Performance Based Engineering
Performance-based engineering is the design, evaluation and construction of engineered facilities that meet — as economically as possible — the uncertain future demands of owner-users and nature.
The premise is that performance levels and objectives can be quantified, that performance can be predicted analytically, and that the cost of improved performance can be evaluated to allow rational trade-offs based on life-cycle considerations rather than construction costs alone.
Performance-based engineering offers great professional opportunities for producing better facilities faster and more cost effectively. It forms the foundation for strategies to revitalize of our decaying infrastructure and presents challenges for the utilization of emerging technologies to monitor the health of existing facilities through sensor technology and to control performance with active control systems and smart materials.
In the academic environment, performance-based engineering offers great opportunities for research and teaching of the processes involved in the design and construction of engineered systems whose performance can be quantified, monitored and controlled in a manner that responds to the diverse needs and objectives of owners and society. Adoption of performance-based engineering concepts requires major changes in the thinking, practice and education of structural engineers. Perhaps most important is a shift away from the dependence on empirical and experience-based conventions, and toward a design and assessment process more firmly rooted in a scientifically oriented approach that emphasizes accurate characterization and prediction of structural behavior.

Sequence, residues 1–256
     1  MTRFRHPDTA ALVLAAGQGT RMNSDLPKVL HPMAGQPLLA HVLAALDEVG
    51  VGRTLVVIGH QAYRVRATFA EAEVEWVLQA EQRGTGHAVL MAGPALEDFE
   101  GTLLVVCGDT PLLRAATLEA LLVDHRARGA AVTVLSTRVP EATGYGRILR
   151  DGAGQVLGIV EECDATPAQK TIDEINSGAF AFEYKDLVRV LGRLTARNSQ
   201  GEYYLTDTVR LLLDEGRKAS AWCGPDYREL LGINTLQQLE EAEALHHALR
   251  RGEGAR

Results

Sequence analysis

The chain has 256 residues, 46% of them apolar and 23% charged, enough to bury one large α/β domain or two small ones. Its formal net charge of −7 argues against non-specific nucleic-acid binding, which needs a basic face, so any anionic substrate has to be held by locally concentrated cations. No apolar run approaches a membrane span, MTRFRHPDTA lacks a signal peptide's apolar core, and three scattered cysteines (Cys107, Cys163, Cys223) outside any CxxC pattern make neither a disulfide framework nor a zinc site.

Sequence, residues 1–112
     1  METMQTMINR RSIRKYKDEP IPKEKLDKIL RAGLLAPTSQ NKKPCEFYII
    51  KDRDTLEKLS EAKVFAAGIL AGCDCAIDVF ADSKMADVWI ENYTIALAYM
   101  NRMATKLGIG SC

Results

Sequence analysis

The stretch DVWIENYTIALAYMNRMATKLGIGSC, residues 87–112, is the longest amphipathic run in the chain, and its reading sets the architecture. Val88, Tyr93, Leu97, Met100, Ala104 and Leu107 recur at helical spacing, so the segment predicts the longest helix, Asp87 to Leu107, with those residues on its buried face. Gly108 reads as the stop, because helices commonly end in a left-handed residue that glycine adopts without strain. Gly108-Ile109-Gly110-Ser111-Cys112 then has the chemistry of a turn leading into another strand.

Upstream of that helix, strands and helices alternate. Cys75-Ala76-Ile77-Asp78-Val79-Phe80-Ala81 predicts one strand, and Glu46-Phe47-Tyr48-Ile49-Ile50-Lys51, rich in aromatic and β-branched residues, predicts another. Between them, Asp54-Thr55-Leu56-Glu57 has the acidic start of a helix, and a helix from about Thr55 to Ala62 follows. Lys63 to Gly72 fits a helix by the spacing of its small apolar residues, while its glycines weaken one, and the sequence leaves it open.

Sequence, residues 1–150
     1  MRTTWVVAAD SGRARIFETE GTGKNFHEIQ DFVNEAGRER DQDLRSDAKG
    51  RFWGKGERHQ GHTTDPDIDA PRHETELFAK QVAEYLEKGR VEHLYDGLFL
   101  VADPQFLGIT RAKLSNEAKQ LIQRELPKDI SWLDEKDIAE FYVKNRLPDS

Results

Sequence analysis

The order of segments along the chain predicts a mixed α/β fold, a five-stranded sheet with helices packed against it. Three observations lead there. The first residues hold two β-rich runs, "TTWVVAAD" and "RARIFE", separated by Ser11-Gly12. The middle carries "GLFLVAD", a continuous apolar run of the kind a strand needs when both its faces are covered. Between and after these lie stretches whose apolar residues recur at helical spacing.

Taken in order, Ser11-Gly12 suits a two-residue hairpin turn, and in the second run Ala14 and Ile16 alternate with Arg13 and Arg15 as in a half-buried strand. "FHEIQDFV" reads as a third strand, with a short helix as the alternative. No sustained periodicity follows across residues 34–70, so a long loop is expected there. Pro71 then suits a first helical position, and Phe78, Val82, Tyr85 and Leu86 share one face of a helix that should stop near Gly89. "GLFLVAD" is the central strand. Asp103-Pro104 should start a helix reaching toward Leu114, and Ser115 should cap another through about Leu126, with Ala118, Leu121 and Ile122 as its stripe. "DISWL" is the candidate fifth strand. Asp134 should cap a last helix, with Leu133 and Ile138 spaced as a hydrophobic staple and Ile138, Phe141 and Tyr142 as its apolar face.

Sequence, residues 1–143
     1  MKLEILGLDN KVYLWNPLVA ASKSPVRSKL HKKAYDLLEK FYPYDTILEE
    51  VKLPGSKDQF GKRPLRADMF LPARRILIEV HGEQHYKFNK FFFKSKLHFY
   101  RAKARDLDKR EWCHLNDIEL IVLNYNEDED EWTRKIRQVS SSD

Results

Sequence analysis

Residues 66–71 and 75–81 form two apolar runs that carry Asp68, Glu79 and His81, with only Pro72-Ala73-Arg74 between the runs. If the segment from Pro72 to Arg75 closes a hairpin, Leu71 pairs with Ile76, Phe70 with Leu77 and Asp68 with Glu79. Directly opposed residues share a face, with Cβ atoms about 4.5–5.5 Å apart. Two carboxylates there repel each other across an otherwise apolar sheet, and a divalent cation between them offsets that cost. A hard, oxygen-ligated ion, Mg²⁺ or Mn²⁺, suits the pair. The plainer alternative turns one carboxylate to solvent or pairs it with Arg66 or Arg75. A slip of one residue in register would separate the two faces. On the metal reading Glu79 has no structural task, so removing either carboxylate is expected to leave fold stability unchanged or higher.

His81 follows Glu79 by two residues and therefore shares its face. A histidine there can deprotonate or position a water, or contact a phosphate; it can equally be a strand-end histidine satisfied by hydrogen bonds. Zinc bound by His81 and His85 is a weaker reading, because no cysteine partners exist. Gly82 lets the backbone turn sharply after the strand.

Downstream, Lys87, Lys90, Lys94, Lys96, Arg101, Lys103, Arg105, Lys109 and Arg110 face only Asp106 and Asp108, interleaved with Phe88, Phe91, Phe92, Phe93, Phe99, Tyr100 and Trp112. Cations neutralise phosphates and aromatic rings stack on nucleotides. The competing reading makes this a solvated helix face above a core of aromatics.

Performance-based engineering is the central theme of many of the research activities of Stanford’s Structural Engineering and Geomechanics Program. Our students and faculty are researching performance-based design methodologies and fundamental issues of stochastic modeling of loads and resistance. They do pioneering work in probabilistic loss modeling of structural and nonstructural building systems and transportation networks, explore emerging technologies for health monitoring and active control, and remain at the forefront of developing the computational approaches needed to predict performance. The newly established Design/Construction Integration Program provides extensive lateral support on constructability issues and the performance of nonstructural systems.
Much of our specific research on performance-based engineering focuses on earthquakes, but we are also researching wind and ocean wave hazards and performance-based fire engineering. Our global objective is to develop knowledge and tools for the assessment, management and mitigation of the risks associated with these hazards.